Fingerprinting Methane Emissions

As researchers across the world debate the source of recent methane concentration increases, with some indicating fugitive emissions from the fossil fuel industry are most important while others look to those from agriculture and landfills, organizations have answered the call for remote methane detection and monitoring tools to improve measurement reliability. For example, from low-Earth orbit, GMI’s longtime partner, GHGSat has been monitoring methane emissions from Canada’s tar sands, among other targeted sites, since launching its first satellite, CLAIRE, earlier this summer.

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Aerial view of the Bakken Oil and Gas Field in North Dakota, U.S., one of the areas included in NOAA’s new study quantifying emissions from oil and gas operations. Credit: NOAA

Earlier this year, a team led by the U.S. National Oceanic and Atmospheric Administration (NOAA) has debuted a method to monitor and fingerprint methane emissions on a larger scale. Collecting samples from a small twin-propeller aircraft, the team uses the light hydrocarbon ethane as a tracer for methane emitted from oil and gas reservoirs as opposed to methane emitted from biological sources. By reviewing variations in ethane concentrations over time, the research team hopes to show how changes in human activities – for example, increases in natural gas production from hydraulic fracturing (fracking) – have altered methane concentrations and worldwide greenhouse gas loading. Researchers

For more information on the study, check out Scientific American’s recent article or NOAA’s recent news release on the implications of the study.

GMI Attends its Second Climate and Clean Air Coalition Working Group Meeting

At the Global Methane Forum last March, GMI officially joined the Climate and Clean Air Coalition (CCAC) as a non-state partner to ramp up collaboration on methane activities in the oil & gas, MSW, and agriculture sectors. GMI attended its first CCAC Working Group meeting as part of its new official capacity immediately after the Forum, and attended its second Working Group meeting last month in Paris, France. Monica Shimamura, Co-Director of the Administrative Support Group, represented GMI in Paris.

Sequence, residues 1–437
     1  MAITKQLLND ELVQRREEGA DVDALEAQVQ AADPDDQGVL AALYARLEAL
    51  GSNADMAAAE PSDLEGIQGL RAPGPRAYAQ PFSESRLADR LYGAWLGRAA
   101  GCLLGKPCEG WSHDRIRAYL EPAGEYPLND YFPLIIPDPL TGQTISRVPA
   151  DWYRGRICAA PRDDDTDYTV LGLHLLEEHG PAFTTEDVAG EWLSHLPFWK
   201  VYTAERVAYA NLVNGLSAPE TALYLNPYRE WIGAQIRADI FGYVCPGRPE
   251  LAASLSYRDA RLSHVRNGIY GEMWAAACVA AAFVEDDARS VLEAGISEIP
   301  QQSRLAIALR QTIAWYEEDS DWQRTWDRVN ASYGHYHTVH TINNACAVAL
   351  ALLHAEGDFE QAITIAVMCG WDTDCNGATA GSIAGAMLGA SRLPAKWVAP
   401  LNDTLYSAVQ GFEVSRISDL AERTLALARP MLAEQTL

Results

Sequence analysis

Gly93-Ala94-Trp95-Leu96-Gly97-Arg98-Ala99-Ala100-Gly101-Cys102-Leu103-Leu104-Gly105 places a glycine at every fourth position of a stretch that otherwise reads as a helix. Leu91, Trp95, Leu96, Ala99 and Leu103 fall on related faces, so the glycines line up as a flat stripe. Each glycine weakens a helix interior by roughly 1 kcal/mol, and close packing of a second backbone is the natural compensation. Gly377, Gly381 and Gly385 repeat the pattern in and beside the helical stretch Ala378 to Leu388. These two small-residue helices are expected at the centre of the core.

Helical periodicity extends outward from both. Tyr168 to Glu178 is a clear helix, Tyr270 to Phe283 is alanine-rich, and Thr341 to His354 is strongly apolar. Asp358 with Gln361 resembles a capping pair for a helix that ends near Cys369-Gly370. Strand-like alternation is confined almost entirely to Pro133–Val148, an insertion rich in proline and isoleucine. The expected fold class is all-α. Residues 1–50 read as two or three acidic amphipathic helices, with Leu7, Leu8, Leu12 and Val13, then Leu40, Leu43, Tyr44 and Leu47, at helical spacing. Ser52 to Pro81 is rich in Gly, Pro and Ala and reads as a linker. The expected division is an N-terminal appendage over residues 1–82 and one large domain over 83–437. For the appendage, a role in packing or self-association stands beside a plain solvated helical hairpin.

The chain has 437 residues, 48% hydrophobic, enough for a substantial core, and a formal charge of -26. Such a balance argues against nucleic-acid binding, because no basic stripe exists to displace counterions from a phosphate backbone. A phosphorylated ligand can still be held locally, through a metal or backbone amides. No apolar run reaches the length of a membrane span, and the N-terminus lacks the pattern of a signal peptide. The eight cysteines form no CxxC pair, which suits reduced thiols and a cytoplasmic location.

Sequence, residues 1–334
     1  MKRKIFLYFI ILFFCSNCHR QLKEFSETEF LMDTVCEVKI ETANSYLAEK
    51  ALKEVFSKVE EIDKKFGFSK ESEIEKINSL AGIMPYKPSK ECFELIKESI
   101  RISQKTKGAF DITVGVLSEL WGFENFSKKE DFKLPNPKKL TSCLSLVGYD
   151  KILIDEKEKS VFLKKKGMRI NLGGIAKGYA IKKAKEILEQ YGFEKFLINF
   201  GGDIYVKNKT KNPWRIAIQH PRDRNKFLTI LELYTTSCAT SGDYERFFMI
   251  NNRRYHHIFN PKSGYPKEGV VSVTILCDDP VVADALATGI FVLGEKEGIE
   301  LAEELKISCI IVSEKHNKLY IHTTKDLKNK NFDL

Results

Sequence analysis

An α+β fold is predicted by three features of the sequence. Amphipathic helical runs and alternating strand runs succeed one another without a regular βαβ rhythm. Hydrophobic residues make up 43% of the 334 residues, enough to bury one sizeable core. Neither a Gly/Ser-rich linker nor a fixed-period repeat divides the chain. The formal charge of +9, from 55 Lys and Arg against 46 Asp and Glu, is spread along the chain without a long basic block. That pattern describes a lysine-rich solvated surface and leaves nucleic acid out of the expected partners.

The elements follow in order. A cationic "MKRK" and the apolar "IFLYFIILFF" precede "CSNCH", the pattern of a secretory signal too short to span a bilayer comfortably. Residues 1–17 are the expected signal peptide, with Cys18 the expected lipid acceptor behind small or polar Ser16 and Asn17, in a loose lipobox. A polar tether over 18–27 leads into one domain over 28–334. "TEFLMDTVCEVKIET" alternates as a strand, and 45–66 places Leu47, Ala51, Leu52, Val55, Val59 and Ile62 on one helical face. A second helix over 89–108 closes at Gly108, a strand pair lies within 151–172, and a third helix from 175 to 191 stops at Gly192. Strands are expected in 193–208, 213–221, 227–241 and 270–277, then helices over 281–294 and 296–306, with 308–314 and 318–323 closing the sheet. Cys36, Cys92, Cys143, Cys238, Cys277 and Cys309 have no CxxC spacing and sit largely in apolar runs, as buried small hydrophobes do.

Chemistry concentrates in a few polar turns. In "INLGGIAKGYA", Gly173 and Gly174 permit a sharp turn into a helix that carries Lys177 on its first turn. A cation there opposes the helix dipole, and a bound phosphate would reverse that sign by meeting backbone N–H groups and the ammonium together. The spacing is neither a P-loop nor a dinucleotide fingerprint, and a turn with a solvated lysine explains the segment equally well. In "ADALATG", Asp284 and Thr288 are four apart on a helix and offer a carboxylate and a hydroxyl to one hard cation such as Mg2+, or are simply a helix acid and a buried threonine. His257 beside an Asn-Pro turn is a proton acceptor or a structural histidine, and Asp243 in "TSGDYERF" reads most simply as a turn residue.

IISD Reporting Services created a useful meeting summary on the sessions, and we want to direct you to pages 8-10 of the summary, which focus on the CCAC Oil & Gas Initiative’s partner presentations and the upcoming High Level Assembly to take place at the Conference of Parties (COP22) in Marrakech, Morocco next month. CCAC also posted its own readout with links to presentations and videos – Dr. Drew Shindell’s presentation titled ‘Climate Action – Reducing the Risk for Current and Future Generations’ is embedded below.

GMI will continue to keep stakeholders apprised on its collaboration with formal partners – the next joint meeting is with the United Nations Economic Commission for Europe’s Group of Experts on Coal Mine Methane in Geneva, Switzerland on 24 October (register here). Stay tuned!